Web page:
nep-com New Economics Papers
on Industrial Competition
Issue of 2016‒08‒28
sixteen papers chosen by
Russell Pittman
United States Department of Justice

  1. Monopolistic competition without apology By Thisse, Jacques-François; Ushchev, Philip
  2. Quality and Competition between Public and Private Firms By Liisa Laine; Ching-to Albert Ma
  3. Firms’ Heterogeneity, Incomplete Information, and Pass-Through By Stefania Garetto
  4. Marketmaking Middlemen By Gautier, Pieter A.; Hu, Bo; Watanabe, Makoto
  5. Consumer choice under limited attention when options have different information costs By Frank Huettner,; Tamer Boyacı,; Yalçın Akçay
  6. Dividing Goods or Bads Under Additive Utilities By Anna Bogomolnaia; Herve Moulin; Fedor Sandomirskiy; Elena Yanovskaya
  7. Choice and Competition in Public Service Provision By Timothy Besley; James M. Malcolmson
  8. Procurement with specialized firms By Boone, Jan; Schottmuller, C.
  9. Working Paper, Rents and Inefficiency in the Patent and Copyright System: Is There a Better Route? By Dean Baker
  10. Competition in Retail Electricity Markets : An Assessment of Ten Years Dutch Experience By Willems, Bert; Mulder, M.
  11. Does Organizational Form Drive Competition? Evidence from Coffee Retailing By Brian Adams; Joshua Gans; Richard Hayes; Ryan Lampe
  12. The Impact of Price Discrimination on Major League Baseball Team’s Revenue By Brian P Soebbing; Nicholas M Watanabe; Chad S Seifried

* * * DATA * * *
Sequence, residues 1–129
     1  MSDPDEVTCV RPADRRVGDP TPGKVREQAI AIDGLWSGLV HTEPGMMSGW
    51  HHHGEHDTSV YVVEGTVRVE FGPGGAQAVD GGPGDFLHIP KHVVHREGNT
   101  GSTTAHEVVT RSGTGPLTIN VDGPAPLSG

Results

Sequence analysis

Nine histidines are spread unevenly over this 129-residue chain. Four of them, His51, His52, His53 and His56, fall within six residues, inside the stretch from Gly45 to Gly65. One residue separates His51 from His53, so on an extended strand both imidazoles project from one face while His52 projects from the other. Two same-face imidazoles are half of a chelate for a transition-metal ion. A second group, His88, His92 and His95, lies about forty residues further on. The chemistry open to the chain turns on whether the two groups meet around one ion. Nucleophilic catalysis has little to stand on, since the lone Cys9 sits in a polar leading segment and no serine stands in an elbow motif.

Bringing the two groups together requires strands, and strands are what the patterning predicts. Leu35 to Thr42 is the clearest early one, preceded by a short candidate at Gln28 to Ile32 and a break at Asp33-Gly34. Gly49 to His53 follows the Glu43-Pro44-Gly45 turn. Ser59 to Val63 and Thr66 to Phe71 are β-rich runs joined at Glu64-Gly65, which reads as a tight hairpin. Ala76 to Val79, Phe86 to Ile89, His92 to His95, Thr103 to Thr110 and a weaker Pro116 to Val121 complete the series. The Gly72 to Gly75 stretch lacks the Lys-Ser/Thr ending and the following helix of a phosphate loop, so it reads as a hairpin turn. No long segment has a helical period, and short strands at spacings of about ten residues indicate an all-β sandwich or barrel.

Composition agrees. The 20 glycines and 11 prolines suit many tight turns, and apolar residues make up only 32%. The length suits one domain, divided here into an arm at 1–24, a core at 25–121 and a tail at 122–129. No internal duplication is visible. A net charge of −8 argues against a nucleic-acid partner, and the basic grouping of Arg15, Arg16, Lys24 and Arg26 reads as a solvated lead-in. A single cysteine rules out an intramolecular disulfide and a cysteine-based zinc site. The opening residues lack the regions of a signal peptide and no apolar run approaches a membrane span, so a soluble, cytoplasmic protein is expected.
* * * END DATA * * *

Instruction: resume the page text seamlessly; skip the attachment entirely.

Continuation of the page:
13. Performance of mixed oligopoly model in the context of Indian telecom industry By Chatterjee, Susmita; Datta, Debabrata; Banerjee, Ranjan
  14. Credit market competition and liquidity crises By Carletti, Elena; Leonello, Agnese
  15. Managing Innovation under Competitive Pressure from Informal Producers Managing Innovation under Competitive Pressuire from Informal Producers By Pedro Mendi; Rodrigo Costamagna
  16. Post Catch-up with Market Cultivation and Product Servicizing: Case of Taiwan’s Transportation Equipment Industries By Chen, Shin-Horng; Wen, Pei-Chang

  1. By: Thisse, Jacques-François; Ushchev, Philip
    Abstract: We provide a selective survey of what has been accomplished under the heading of monopolistic competition in industrial organization and other economic fields. Among other things, we argue that monopolistic competition is a market structure in its own right, which encompasses a much broader set-up than the celebrated constant elasticity of substitution (CES) model. Although oligopolistic and monopolistic competition compete for adherents within the economics profession, we show that this dichotomy is, to a large extend, unwarranted.